Wed. Oct 27th, 2021

This article was first published in Ethiopia Insight. 

Although border towns between the Somali and Afar regions have been under dispute for a couple of decades, direct conflict and military engagement between the two regional forces became more common after the installation of Mustafa’s interim administration.

Afar and Somali people are neighbouring communities who share similar cultures, faiths, and other traditions. Both communities desire a peaceful coexistence. However, it appears as though leaders in Addis Ababa, Semera, and Jijiga have made a habit of exacerbating violence for various political agendas.

In the most recent example, over 300 Somalis were killed by Afar militias – aided by Afar regional forces – in a conflict that began on 24 July. Following the incident, the bodies of Somali victims were found littered all over the roads of Garba Isse.

Somalis living in Garba Isse were unarmed and no Somali regional force member was present in the area, as they had been deployed to Amhara regional state to support federal and Amhara forces in the Tigray war.

As they took full control of the small town, Afar militias and authorities prevented the burial of Somali victims, according to family members of some victims that I have contact with.

Somali regional forces were mobilized to enter Garba Isse and push out Afar militias following the attacks, which was initially successful. After carrying out the short-lived campaign to free Garba Isse, Mustafa ordered the Somali forces to vacate the town. This decision permitted Afar militias to capture Garba Isse once again and continue killings.

Although Mustafa is yet to give a statement denouncing the attacks or express condolences, protests condemning the violence against Somalis in Sitti Zone and Garba Isse were conducted in numerous parts of the Somali region.

A senior Prosperity Party (PP) member and Somali federal representative, Dr Abdiwasa Bade, posted on his personal Facebook page that those responsible for the inter-ethnic violence should be held accountable and that Somali victims must be supported.

Somalis around the world showed their support to Dr Abdiwasa. This outpouring of support demonstrates how members of the Somali community are desperate for their pain and deaths to simply be acknowledged. Sadly, Dr Abdiwasa was ordered or pressured, according to some colleagues, to remove his personal yet controversial Facebook post, and he did so less than two days later.

Larger conspiracy?

Some Somali locals that I have contact with suspect that this gruesome carnage is not just a Somali-Afar border conflict. Rather, they think it could be an incident that has been, to an extent, orchestrated, exacerbated, and used by the administration for ulterior gains in the Tigray war.

Following the incident, officials in the Somali region and diaspora activists with large followings and close ties to the administration instrumentalised the massacre. The goal was purportedly to motivate protests condemning the violence, but there was also a hidden agenda to encourage blocking the trade route connecting Djibouti’s port to Ethiopia.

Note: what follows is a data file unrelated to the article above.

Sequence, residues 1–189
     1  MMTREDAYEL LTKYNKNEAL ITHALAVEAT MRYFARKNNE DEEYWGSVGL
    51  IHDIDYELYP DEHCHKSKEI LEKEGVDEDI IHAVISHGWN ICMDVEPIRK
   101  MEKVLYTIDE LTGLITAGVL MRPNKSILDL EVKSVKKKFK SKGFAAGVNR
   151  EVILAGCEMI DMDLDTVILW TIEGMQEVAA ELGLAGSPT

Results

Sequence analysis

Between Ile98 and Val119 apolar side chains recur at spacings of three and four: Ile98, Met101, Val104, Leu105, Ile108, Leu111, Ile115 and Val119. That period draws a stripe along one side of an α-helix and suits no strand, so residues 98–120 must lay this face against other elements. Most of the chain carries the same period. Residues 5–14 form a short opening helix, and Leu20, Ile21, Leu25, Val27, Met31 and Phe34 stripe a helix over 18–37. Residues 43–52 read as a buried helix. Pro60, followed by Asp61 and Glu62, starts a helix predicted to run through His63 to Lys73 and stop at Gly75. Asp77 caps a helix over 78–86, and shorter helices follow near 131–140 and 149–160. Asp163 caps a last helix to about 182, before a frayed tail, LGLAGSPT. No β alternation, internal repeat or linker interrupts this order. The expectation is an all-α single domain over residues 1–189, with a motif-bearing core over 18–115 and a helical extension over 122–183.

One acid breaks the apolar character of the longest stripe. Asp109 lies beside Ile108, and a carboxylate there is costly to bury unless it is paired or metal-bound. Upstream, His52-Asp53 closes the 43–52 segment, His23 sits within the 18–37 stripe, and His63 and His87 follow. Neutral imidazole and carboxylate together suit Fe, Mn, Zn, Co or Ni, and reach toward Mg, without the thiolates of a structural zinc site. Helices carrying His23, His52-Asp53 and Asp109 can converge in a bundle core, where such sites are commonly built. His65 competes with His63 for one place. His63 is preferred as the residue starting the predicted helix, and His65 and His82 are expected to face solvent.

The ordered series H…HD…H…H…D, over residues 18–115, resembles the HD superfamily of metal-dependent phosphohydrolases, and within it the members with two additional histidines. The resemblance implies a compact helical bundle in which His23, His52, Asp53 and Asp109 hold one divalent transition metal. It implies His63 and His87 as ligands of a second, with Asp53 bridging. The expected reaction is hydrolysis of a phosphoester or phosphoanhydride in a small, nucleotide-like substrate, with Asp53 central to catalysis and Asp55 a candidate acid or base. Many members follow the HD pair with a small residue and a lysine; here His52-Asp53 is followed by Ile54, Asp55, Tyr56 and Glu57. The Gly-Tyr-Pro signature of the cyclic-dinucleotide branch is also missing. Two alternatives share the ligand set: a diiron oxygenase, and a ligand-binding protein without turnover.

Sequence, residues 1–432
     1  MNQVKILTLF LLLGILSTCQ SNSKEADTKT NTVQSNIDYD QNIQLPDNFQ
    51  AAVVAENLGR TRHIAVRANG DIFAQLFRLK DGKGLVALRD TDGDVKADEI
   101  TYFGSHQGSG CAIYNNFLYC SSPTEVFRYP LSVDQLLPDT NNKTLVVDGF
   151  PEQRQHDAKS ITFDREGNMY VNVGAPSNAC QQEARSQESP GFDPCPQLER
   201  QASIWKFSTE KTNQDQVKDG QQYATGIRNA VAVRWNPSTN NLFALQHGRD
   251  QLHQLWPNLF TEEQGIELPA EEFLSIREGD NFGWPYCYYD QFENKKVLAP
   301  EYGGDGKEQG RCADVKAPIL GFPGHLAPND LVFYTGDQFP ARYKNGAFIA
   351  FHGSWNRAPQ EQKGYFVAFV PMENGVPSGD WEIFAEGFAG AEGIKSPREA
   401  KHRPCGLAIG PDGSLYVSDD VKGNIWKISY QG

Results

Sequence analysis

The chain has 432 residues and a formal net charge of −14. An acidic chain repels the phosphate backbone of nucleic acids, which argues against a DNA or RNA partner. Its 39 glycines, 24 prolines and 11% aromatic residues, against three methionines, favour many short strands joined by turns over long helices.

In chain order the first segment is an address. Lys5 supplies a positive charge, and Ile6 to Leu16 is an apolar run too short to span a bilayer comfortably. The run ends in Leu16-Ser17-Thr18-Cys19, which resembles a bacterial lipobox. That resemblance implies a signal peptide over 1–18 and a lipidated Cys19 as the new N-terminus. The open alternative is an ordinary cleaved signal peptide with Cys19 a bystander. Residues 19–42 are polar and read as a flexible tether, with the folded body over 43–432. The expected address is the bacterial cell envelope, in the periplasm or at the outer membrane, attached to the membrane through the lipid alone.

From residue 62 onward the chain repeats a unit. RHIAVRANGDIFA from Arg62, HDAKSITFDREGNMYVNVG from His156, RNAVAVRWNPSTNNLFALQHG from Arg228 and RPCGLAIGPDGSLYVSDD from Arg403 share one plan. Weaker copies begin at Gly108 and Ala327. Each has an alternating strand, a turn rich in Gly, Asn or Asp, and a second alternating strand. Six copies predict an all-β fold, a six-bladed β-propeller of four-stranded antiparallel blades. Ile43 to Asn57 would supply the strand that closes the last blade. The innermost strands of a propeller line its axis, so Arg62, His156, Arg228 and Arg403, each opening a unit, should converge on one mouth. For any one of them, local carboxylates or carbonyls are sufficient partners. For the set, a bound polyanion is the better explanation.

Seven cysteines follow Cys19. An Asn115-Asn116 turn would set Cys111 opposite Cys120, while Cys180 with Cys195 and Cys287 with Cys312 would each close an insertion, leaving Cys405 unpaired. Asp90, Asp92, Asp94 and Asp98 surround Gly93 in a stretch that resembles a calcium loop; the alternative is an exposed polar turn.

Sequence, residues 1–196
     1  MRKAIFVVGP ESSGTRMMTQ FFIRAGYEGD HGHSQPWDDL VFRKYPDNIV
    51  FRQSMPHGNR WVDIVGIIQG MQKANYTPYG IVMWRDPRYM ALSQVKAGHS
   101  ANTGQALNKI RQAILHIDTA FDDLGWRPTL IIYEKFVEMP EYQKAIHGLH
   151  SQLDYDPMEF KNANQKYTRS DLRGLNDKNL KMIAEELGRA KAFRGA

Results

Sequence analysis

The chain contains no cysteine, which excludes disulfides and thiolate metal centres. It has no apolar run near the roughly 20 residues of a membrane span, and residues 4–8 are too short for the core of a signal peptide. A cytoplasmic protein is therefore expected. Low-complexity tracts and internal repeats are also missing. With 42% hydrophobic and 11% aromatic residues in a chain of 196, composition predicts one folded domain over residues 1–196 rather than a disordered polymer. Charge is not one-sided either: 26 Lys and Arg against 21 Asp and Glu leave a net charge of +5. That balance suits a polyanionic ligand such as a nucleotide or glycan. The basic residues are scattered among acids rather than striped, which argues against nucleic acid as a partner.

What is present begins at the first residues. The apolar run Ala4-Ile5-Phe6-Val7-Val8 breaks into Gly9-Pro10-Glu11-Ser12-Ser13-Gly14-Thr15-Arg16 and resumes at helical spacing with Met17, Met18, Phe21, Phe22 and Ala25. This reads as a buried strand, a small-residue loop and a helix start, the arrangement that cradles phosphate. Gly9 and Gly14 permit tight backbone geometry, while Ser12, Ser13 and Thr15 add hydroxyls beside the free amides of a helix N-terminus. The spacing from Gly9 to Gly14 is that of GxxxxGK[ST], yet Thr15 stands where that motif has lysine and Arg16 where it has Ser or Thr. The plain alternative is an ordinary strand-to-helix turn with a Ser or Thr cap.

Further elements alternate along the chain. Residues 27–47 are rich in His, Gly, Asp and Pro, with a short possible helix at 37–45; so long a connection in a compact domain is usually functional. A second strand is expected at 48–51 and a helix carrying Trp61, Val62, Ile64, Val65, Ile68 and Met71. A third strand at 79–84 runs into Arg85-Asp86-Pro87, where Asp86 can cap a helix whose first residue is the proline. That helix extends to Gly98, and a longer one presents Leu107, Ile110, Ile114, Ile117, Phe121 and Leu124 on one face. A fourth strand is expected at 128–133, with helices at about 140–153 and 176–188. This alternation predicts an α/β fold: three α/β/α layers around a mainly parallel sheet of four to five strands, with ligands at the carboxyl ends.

The Djibouti route being Ethiopia’s main trade and humanitarian route, blocking the rail means blocking aid going to Tigray. This shouldn’t be surprising since numerous reports have shown that the Ethiopian government is willing to engage in whatever nefarious activity so long as it deems it helpful in crushing the TPLF.

The government, of course, understands that directly blocking aid from the most important import, trade, and humanitarian route would cause an international uproar, risk sanctions, and exacerbate political instability, and this explains why PP officials felt the need to come up with a more sophisticated, malicious plan.

Somali protesters were encouraged by pro-PP social media activists to exert pressure on politicians in Addis Ababa, since federal government officials seem to be indifferent to Somali deaths. Dire Dawa residents, Sitti Zone communities, and Somalis throughout the Somali Region overwhelmingly condemned these attacks.

The Somali youth protestors were largely successful in blocking the road and rail routes. However, one must recognise that the blocking of Ethiopia’s main trade corridor is well beyond the capacity of few local protestors. And, this further indicates that this has indeed been orchestrated by government officials.

One might wonder why PP officials would block Ethiopia’s main trade route, a move that negatively impacts the economy and risks further destabilisation of the country. As this demonstrates, the well-being of Ethiopian citizens is perceived by PP officials as being secondary to other more pressing concerns. At the moment, the biggest concern for Abiy’s regime is the TPLF.

Abiy has arrested or neutralised almost all political actors opposing his administration and his party’s authoritarian ambitions. In his eyes, it is only the Tigray region and the TPLF that are standing in his way – and, by extension, the Tigrayan people.  Thus, he thinks the TPLF must be crushed at whatever cost. Whether that is done via bombings, executions, displacement, or the blocking of Ethiopia’s main trade and humanitarian route, the consequences of these disastrous efforts are of little concern to the Nobel laureate.

Sadly, to the federal government, the unimaginable suffering the wider Tigrayan population goes through is negligible as long as they submit and TPLF is destroyed.

Finally, it must be stressed that such cruel plays from politicians where they use the death and suffering of innocent civilians, women, children, and the elderly for making political advances should come to an end. Also, border disputes between Somali and Afar communities require urgent attention, should be resolved in a peaceful manner, and the victims on both sides should receive all the necessary support.

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